Saturday, June 18, 2011
sermon draft for Trinity Sunday.
This morning we are invited to move, imaginatively, from Creation to Commission.
Given the content of our readings this morning – and the official designation of ‘Trinity Sunday,’ we might be pardoned for inferring that the Great Commission, with which the Gospel reading culminates, is a commission to go and carry out indoctrination—heaven knows, it has been understood and implemented in that way, so we have to HOPE it is pardonable! In the light of the reading from Genesis, then we might think that this morning we’re hearing, “Here is a highly unlikely and indefensible tale about the beginning of all things, now your job is to get out there and make people [say they] believe it—or it will be the worse for them – and for you.” “Oh and while you’re at it, make them believe in the doctrine of the Trinity – did you see it zip past, there in the Epistle?”
So it’s tempting to linger on the doctrine of the Trinity, especially if we have a taste for confusing, contradictory, beautiful insoluble riddles—in traditional language: The Father is God (and all the God there is), the Son is God (and all the God there is), the Holy Spirit is God (a.a.t.G.t.i.), BUT – the Father is not the Son, the Son is not the Spirit, the Spirit is not the Father…Lovely numerical formulas that will NOT be reduced to arithmetic…and a hearer may say: “But that makes NO SENSE” and the theologian sighs happily and says, “I know, but isn’t it WONDERFUL?”
And along about then, if we’re lucky, we hear a voice from the back pew or thereabouts; it goes something like this—“Reverend, what does this have to do with weighing trucks? Because weighing trucks is what I do, all day, every day…” – weighing trucks, or slinging burgers, or changing diapers, or processing applications, or marking assignments, -- you name it – and I’d like to know what this doctrine has to do with me.
The obvious answer is, “apparently nothing” – but the real answer is “everything.” It helps if we can grasp that the teaching about the Trinity, which sounds like a word game, is rooted in a charismatic experience of God, an encounter with God. Did you see the letter Canterbury wrote to the little girl in Scotland, who asked him who invented God? He explained that people didn’t ‘make up’ God – they met God, found God, experienced the presence of God…and then when they wanted to share that, to talk about what they had discovered, they had to think about it and put it into words, and—as RW said – they made up some ideas ABOUT God (some of them sensible, some not so sensible)…and these statements about ideas, ideas of an experience, were refined and defined and defended over a very long time in no-holds-barred debate.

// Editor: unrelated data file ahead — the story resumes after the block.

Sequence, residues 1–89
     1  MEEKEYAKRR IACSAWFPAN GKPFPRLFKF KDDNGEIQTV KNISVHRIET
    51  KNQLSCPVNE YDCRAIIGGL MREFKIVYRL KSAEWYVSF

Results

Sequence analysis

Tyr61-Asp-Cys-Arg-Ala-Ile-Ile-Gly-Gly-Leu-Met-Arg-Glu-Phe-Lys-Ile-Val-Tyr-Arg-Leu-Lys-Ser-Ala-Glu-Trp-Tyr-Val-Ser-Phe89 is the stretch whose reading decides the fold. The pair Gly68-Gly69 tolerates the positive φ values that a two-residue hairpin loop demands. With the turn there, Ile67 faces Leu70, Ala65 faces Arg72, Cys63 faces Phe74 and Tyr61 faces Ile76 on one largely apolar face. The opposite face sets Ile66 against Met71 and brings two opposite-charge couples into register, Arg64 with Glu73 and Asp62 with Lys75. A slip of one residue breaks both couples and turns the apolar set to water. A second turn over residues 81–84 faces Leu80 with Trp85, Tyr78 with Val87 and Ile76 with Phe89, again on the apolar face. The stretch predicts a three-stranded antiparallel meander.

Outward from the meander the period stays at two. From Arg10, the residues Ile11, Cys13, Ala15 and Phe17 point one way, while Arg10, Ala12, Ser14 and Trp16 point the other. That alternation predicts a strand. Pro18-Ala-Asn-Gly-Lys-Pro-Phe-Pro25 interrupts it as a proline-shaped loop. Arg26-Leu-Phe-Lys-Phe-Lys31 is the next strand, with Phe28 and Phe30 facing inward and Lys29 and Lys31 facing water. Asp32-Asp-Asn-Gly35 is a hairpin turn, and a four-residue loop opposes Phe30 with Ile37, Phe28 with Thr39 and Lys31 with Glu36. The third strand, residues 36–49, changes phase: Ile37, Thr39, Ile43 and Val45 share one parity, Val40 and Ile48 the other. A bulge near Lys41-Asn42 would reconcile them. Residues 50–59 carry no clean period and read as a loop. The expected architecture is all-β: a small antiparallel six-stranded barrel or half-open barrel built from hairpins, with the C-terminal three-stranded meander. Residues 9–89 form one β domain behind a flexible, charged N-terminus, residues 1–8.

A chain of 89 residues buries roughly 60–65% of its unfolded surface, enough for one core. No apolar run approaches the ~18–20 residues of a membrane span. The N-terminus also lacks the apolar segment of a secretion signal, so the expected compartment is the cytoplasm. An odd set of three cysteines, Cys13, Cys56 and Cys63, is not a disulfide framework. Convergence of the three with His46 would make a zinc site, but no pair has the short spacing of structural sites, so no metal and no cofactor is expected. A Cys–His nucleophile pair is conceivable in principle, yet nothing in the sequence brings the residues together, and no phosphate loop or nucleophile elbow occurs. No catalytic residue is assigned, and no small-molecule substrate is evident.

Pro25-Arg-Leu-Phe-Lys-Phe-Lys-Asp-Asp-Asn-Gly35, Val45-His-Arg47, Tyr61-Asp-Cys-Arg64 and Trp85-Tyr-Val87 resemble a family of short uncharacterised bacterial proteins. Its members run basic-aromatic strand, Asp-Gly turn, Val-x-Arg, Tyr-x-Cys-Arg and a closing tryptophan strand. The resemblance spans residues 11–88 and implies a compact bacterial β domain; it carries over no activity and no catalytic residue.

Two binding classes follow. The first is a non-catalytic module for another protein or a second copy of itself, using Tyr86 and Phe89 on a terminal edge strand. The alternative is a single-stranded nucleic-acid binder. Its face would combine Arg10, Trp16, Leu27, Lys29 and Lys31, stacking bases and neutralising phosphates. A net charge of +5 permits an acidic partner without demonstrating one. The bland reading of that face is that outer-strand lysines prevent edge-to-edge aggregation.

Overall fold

The fallout from this process was that the things Christians agreed could be TAUGHT about God tended to become supreme in their own right, instead of being endorsed as just workably trustworthy sorts of things that could be said. They were, and are, subjected to tests though. One test of a doctrine goes like this: what kind of person, and what kind of community, will this idea produce if it is made an official teaching? That is one very useful test of the wholesomeness of church teaching /Gospel of Judas/. One of the ways of sorting the sensible ideas from the not so sensible ideas.
A second kind of ‘control’ over the ideas that we compose – the recollection of the inadequacy of ALL our words to capture and convey the essence of God completely (it has a name – it’s called APOPHASIS). You know how in our blessing we always specify that the peace of God passes our understanding? Well, EVERYTHING about God passes our understanding. Not just ours, but the understanding of the greatest saints, and the angels, and the archangels. What we CAN think will not do justice to what we have experienced, or to what we have inherited from the experience of others; and what we CAN say will not do justice to what we are able to think.
Now the result of this experience of inadequacy should be (too seldom is) a decent modesty and forbearance and grateful joy that God has generously allowed his truth and his glory to be approached, to be embraced, and to be communicated to any degree at all in human language (Levinas)…much less in a way that is trustworthy, that allows us to share it with each other…
And what have we to share, this morning? That at the very heart of God what we find is a relationship, a relatedness – a dynamic, creating, faithful connectedness that we have to call LOVE.
I heard two lovely provocative questions – conversation starters, I suppose – this week: the first one was “what would you do for love?” and when we roll that question around, we are invited to see that everything done by the triune God is done “for love” – creation, redemption, resurrection…everything, done for love – love holds the Trinity together – it’s sort of a centripetal force – but it’s centrifugal as well – it moves the persons of the Trinity outward toward the created world including us, and then, in a rhythm like rhythm of breathing, like the rhythm of the heart, draws us in also. (Are we beginning to get a clue about what our mission is?)
And the second question was this: “What would you do if you weren’t afraid?” The second question is like unto the first one if we remember that perfect love takes fear right off the board…and that this relatedness at the heart of what God is makes no room for fear at all, …but invites everything that is to come and share in the unending dance of loving and being loved.
Are we beginning to see what our commission to make disciples might look like? I think so… and we’re also invited to see that our commission is not about indoctrination, but about invitation; not about some kind of dedicated commando raid on the cosmos, but about the way we live our everyday working lives, the way we do every single thing we do… Even weighing trucks. With love. And without fear.